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Tuesday, Apr 23, 2019
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Elevated toll road still an option in Pasco

The state’s plan to allow a private company to build an elevated toll road over State Road 54 is crumbling apart, but that doesn’t mean Pasco County is eliminating the concept as a future solution to traffic congestion on the corridor.

The county’s Metropolitan Planning Organization will continue to study using a four-lane elevated toll road on S.R. 54 as it updates Pasco’s Long Range Transportation Plan, which anticipates what traffic congestion will look like over the next 25 years.

“The study is ongoing,” engineer Ali Atefi said. “The importance of that project is to be able to preserve the right-of-way now, even if the project isn’t done until 2040.”

Lee Royal, a state Department of Transportation adviser to the MPO, said Secretary Ananth Prasad hasn’t formally rejected the toll road proposal from the FL54-Xpress consortium. “It doesn’t look very promising, but at this point no formal action has taken place,” she said. “It’s just not looking feasible right now.”

The county’s planning staff is looking at several alternative east-west routes, among them Ridge Road, County Line Road, Tower Road and State Road 52. But planners still think an elevated toll road would move traffic more effectively, and they’re betting that it could be more palatable to residents in another 20 or 25 years, after they’ve spent countless hours in stuck in traffic on S.R. 54.

Atefi said the study will include “sensitivity testing” of the various alternative routes. In other words, if the state widens S.R. 52 to six lanes, how many trips would that take off S.R. 54? What if the county widens County Line Road to four lanes? And so on.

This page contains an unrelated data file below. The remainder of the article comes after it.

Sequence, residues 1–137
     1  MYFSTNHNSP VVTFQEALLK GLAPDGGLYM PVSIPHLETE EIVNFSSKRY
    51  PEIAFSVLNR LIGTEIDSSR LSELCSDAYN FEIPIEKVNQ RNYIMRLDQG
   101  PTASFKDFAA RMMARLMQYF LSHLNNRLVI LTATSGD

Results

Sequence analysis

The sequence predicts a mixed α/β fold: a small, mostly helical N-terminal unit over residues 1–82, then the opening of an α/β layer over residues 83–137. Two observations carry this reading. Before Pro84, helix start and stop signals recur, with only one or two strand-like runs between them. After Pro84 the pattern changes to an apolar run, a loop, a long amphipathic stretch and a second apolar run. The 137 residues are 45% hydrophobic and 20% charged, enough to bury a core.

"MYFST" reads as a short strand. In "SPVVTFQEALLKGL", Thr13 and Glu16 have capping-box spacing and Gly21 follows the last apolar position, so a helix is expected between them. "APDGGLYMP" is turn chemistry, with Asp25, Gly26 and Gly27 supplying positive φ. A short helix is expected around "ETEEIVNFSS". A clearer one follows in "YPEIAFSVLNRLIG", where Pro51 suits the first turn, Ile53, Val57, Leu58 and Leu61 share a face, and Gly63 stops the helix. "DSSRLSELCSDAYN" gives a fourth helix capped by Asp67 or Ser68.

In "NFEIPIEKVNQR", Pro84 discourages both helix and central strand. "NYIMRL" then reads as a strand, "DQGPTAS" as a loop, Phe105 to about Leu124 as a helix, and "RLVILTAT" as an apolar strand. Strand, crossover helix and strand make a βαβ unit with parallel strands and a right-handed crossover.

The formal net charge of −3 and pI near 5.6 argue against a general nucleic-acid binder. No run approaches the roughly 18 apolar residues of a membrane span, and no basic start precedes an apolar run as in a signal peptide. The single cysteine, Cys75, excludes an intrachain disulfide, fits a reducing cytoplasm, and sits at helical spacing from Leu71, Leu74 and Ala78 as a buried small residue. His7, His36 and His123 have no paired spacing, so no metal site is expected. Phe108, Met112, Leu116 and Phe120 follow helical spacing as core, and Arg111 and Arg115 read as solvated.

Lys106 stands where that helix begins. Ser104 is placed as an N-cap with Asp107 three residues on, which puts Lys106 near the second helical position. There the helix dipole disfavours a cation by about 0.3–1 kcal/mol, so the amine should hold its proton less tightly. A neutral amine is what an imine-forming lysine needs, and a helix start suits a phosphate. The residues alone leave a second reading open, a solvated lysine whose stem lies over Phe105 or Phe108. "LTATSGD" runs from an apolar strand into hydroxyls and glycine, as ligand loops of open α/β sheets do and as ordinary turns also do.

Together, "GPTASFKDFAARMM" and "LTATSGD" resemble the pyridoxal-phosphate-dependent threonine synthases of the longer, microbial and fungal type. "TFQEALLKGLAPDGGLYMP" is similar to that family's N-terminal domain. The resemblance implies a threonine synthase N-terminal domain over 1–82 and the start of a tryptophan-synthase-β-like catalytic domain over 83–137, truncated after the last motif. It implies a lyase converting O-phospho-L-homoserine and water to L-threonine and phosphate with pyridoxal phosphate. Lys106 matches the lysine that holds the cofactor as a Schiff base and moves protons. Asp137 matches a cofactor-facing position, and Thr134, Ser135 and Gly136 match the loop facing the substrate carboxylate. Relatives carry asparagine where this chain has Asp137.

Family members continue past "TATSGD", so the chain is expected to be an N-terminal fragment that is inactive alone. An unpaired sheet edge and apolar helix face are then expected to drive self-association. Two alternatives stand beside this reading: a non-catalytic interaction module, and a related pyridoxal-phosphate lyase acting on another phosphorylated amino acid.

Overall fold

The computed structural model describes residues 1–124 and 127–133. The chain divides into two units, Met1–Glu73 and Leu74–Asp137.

Moving forward with those projects could delay the need for a “major improvement” on S.R. 54, but it only postpones the inevitable, he said.

“On (S.R. 54) itself, we’re also going to be looking at different alternatives. One is the alternative nobody likes: the dreaded four-lane elevated road,” he said.

The study also will look at widening S.R. 54 to eight lanes. “With the volume we saw, eight lanes is not going to solve it, and we thought going over eight lanes is something you don’t want to do,” Atefi said. “Because you also have to add in turn lanes, and it just gets unmanageable. It’s really not good planning to go beyond six lanes.”

Zephyrhills City Councilman Lance Smith said the study also should consider alternative routes in Hillsborough County. “It seems to me it’s a regional issues since so much of the traffic is coming up from Hillsborough,” he said.

But Atefi corrected him, saying that 90 percent of the trips on S.R. 54 are local. “It’s our issue,” he said.

Leaders of the grassroots Pasco Fiasco group, which organized thousands of toll road opponents, want the elevated highway removed from the county’s Long Range Transportation Plan. They’re still planning a rally May 19 at Sunlake High School.

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